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Crime taking away young men’s futures

I’ve lived in Selma for a month and one thing has already baffled my mind.

Seeing the number of teenage boys in Dallas County being arrested for murder, theft, attempted murder and possession of drugs.

Part of my duties as news editor at the Selma Times-Journal is to do the daily police reports that come from the Selma Police Department and Dallas County Sherriff’s office. In a lot of those reports, I see kids between the ages of 16 and 19 being arrested.

It breaks my heart to see so many 16 and 17-year old kids in the area throw their futures away for a petty life of crime.

Once upon a time, teenage life wasn’t that way.

At least the way I remembered it.

During my teenage years, 80 miles away in Tuscaloosa, the only things I thought about were girls, football and finding a part-time job.

For some teenagers, those days appear to be long gone.

Guns and drugs have apparently replaced chasing girls and playing sports from sunrise to sunset, especially during the summer.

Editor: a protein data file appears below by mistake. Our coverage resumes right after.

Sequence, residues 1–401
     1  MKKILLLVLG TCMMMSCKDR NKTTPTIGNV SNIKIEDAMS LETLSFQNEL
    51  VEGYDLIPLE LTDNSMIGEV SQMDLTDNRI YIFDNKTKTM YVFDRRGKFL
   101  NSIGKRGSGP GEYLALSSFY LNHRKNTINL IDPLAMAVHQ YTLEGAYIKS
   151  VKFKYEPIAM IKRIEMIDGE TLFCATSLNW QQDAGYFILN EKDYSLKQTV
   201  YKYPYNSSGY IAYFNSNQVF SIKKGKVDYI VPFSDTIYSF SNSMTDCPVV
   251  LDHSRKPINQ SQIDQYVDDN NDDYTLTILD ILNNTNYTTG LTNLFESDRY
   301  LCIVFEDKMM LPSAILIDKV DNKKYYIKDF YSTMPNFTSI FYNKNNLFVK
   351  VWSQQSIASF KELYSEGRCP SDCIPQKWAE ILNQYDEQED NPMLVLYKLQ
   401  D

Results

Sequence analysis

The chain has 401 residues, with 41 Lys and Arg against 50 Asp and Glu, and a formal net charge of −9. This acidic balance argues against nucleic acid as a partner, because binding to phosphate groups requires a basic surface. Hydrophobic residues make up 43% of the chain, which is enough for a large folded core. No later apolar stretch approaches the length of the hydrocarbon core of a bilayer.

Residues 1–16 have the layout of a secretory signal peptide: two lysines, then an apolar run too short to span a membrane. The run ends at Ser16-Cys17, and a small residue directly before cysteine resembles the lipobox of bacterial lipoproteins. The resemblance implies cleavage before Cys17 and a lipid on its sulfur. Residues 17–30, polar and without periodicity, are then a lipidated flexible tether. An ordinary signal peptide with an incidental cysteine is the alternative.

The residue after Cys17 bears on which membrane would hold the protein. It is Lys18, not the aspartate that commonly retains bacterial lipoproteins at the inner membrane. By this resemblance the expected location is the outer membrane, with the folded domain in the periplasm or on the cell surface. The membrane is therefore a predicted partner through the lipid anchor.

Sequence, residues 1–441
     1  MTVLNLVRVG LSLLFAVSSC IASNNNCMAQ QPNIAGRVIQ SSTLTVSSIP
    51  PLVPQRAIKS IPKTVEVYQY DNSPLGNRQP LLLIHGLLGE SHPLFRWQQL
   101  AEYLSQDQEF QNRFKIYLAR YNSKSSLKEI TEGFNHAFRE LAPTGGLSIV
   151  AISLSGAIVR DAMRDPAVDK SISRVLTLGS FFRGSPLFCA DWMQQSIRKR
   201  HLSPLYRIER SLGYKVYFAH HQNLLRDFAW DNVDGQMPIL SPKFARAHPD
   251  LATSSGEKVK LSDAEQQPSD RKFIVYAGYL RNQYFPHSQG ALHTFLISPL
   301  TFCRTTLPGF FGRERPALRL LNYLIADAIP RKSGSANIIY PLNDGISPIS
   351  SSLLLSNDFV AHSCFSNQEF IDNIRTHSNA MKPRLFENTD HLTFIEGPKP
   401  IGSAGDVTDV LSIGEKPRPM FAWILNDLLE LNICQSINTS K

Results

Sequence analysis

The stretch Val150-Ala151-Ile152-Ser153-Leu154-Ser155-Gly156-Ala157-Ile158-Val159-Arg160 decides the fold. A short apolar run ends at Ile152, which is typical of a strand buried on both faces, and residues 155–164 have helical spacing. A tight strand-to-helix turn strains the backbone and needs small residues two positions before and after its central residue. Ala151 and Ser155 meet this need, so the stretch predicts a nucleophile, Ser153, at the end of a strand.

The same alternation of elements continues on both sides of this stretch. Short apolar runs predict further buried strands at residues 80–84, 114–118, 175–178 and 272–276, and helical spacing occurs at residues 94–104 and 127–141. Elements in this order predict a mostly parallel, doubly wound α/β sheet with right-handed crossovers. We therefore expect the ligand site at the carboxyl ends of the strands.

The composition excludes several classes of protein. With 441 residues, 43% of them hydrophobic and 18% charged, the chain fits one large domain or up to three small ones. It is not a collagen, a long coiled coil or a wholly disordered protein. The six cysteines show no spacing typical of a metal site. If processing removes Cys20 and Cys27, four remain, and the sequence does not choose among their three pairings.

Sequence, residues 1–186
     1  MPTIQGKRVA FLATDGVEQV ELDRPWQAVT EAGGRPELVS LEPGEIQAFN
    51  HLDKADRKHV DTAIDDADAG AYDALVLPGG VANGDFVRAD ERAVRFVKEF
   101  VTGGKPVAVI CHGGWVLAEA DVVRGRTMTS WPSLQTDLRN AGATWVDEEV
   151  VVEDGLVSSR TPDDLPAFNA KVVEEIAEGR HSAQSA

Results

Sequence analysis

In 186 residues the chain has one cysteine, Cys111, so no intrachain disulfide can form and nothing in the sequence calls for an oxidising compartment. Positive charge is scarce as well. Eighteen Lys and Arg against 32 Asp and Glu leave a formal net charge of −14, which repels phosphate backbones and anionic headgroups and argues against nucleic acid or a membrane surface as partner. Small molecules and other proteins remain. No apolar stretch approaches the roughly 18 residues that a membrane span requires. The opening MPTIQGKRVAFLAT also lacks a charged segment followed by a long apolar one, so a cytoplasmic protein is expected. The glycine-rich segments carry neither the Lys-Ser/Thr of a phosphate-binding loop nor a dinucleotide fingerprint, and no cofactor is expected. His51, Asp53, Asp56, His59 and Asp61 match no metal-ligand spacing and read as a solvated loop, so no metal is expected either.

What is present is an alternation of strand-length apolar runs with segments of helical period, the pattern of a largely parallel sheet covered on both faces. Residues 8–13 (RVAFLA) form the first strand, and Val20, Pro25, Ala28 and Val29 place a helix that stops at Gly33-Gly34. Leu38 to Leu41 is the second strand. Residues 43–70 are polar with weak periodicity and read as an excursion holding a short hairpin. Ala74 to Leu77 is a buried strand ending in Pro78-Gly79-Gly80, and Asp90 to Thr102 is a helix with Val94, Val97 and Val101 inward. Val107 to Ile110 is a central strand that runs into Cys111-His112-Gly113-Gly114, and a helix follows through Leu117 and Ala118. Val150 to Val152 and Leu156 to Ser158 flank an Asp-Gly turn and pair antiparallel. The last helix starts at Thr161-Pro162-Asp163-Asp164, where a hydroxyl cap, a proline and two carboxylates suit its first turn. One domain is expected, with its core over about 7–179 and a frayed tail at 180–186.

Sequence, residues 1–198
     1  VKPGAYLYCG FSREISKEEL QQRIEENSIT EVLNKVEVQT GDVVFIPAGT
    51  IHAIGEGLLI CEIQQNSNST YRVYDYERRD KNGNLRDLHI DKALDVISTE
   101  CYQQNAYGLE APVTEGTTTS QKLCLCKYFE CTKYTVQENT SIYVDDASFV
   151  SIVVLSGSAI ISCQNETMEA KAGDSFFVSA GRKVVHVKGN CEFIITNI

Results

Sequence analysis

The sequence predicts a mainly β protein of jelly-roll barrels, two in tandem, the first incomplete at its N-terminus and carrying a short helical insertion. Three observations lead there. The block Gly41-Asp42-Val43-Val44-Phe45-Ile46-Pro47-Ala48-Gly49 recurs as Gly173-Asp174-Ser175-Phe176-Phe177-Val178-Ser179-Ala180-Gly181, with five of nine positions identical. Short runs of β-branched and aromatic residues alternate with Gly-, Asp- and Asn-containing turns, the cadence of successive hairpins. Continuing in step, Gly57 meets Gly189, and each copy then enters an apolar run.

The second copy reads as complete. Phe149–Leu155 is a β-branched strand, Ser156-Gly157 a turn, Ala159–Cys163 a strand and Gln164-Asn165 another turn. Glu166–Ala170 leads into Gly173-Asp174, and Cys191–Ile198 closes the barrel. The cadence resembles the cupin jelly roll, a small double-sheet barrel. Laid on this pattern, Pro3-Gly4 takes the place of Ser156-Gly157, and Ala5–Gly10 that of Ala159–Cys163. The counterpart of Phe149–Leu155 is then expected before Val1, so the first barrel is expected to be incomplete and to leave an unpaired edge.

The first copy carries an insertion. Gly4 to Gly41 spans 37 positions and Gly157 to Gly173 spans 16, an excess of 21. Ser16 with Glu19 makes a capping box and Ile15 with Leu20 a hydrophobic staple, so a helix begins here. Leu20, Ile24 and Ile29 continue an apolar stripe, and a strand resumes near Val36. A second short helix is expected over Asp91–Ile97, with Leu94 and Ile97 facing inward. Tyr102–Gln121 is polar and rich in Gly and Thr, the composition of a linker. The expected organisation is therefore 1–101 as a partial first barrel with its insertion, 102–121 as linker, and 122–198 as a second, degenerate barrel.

Sports used to be the one outlet where kids fantasized being either LeBron James or Julio Jones outrunning defenders.

I was torn between former Alabama linebacker Cornelius Bennett and Oakland A’s outfielder Rickey Henderson. Of course, I lacked the athletic skillset of both and eventually chose to become a journalist.

The coolest thing about sports is you never know the ending of a live event.

The saddest thing about crime is you always know the ending. The script rarely changes.

If the kids don’t have fathers or male role model in their lives, they need mentors. I believe mentoring is the best way to keep them off the streets and away from a life of crime. 

A criminal past will always follow them, no matter how hard they try to escape it.

James Jones is the news editor for the Selma Times-Journal. He can be reached at james.jones@selmatimesjournal.com.